Tax debt can become unmanageable. When that happens, it doesn't matter how talented someone is in their chosen profession. The overriding need is for a debt relief strategy.
If you don't have the money to pay your taxes, it might cross your mind to try avoiding the problem by not filing at all. Unfortunately, this reasoning is badly flawed.
The pop-culture press loves to report on the foibles of celebrities - including their problems with tax debt. Among those struggling with it recently are apparently the actor Nicholas Cage and former football hero O.J. Simpson. They are not alone, of course. Many people have tax debt.
Twice every year, the California Franchise Tax Board publishes a list of the 500 state residents who owe the greatest amount in income taxes. The state Board of Equalization has a parallel list, published every quarter, which tracks debts owed on sales and other taxes.
When summertime is in full swing in Southern California, taxes may be the furthest thing from many residents' minds. But for those who owe money to the Internal Revenue Service, taxes can become a year-round preoccupation. Since penalties and interest on tax debts can quickly swell the total amount owed, it is important to reduce and eliminate one's debts as quickly as possible.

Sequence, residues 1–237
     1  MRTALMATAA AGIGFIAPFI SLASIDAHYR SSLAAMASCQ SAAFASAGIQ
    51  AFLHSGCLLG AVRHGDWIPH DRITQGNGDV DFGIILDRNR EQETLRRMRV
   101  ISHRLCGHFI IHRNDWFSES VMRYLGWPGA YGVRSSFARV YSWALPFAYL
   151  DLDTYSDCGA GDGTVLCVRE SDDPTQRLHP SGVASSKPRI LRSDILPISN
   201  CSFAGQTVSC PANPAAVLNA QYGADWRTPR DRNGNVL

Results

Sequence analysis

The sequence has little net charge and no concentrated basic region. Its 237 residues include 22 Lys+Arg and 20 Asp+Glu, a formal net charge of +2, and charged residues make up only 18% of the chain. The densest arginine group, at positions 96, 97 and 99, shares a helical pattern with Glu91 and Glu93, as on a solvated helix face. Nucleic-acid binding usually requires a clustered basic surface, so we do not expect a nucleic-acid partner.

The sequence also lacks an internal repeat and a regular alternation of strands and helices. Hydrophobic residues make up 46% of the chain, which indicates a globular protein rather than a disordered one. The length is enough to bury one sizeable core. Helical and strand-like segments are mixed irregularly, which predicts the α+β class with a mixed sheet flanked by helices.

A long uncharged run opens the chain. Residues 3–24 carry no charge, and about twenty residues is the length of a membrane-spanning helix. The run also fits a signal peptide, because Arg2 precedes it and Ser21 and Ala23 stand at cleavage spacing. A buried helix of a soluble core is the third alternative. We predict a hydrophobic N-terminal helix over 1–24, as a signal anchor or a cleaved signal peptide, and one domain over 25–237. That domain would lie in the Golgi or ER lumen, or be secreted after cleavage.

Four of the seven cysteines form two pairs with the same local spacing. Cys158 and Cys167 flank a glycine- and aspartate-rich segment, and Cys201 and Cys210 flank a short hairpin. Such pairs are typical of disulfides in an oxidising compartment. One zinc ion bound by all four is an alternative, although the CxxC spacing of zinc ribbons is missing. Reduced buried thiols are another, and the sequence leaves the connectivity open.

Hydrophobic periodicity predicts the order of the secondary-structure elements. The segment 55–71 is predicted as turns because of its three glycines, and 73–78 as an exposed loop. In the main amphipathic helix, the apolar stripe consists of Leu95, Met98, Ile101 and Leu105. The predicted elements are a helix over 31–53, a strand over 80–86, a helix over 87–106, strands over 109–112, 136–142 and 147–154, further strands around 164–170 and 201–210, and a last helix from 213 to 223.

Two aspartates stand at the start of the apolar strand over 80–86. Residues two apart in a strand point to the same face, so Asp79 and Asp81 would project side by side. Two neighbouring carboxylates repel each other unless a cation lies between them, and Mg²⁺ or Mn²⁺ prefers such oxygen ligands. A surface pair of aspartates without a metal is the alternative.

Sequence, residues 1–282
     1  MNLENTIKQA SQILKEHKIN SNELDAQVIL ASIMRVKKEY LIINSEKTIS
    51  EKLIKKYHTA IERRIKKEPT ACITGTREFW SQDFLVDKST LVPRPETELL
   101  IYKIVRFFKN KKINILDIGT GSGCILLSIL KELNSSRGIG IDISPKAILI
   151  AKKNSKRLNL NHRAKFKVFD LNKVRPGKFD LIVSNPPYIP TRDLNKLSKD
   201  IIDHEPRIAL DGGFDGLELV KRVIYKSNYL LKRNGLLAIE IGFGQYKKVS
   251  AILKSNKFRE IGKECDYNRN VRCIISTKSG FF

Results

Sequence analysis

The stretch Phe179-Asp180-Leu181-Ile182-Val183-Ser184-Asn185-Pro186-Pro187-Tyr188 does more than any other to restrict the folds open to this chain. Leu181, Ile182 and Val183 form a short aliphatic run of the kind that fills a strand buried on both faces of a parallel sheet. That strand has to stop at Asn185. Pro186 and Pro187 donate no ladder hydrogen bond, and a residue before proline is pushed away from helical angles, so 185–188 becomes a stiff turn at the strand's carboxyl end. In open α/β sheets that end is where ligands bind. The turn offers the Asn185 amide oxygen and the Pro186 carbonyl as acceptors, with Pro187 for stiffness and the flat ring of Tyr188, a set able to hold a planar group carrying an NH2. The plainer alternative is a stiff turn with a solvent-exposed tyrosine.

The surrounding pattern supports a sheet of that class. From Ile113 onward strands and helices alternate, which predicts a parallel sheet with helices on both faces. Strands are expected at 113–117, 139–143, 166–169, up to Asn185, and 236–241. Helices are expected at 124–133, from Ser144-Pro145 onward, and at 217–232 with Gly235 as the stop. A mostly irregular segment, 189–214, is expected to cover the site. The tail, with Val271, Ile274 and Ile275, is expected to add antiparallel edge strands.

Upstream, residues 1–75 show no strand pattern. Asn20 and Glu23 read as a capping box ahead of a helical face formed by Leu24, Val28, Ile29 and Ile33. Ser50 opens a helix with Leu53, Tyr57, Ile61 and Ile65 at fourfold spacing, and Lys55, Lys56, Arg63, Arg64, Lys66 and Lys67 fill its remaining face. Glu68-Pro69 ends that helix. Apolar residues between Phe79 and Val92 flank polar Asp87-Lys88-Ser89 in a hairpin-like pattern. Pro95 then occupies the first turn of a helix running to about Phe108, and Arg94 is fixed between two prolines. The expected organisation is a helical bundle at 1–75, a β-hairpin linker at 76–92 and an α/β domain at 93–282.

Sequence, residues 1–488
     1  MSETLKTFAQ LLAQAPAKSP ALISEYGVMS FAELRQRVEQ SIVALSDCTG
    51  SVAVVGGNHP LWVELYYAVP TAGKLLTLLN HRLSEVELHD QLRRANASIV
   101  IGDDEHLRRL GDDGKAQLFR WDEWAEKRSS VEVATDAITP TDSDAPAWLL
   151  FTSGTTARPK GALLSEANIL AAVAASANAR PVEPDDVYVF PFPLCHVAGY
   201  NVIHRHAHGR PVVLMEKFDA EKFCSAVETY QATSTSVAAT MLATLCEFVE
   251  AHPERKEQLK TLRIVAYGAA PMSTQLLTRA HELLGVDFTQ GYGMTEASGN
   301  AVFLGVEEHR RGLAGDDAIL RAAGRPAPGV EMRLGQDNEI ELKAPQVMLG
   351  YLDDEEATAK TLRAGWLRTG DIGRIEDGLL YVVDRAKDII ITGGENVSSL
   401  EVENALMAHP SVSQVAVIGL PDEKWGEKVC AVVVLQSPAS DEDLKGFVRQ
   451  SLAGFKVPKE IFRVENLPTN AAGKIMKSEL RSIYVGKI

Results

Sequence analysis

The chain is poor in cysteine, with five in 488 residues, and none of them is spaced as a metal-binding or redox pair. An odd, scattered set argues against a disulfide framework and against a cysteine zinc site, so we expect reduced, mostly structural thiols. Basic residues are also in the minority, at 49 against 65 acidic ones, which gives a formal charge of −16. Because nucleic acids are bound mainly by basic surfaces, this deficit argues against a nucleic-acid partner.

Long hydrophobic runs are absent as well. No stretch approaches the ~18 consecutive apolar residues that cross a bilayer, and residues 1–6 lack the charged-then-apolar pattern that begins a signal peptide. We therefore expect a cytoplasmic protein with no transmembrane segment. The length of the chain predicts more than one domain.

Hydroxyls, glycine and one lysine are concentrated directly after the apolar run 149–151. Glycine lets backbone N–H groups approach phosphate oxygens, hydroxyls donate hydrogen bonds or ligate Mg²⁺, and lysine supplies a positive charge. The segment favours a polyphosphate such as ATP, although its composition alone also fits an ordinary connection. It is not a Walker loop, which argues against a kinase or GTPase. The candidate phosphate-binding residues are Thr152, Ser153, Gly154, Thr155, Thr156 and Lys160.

In our last post, we discussed how some California taxpayers can benefit from a six-month extension to pay taxes this year. But some taxpayers have large debts to the IRS that may take them a significant amount of time to pay off. There are other options that can help these taxpayers, such as installment agreements and offers in compromise. Under the Fresh Start program, the IRS has also announced changes to these options with the goal of helping struggling taxpayers.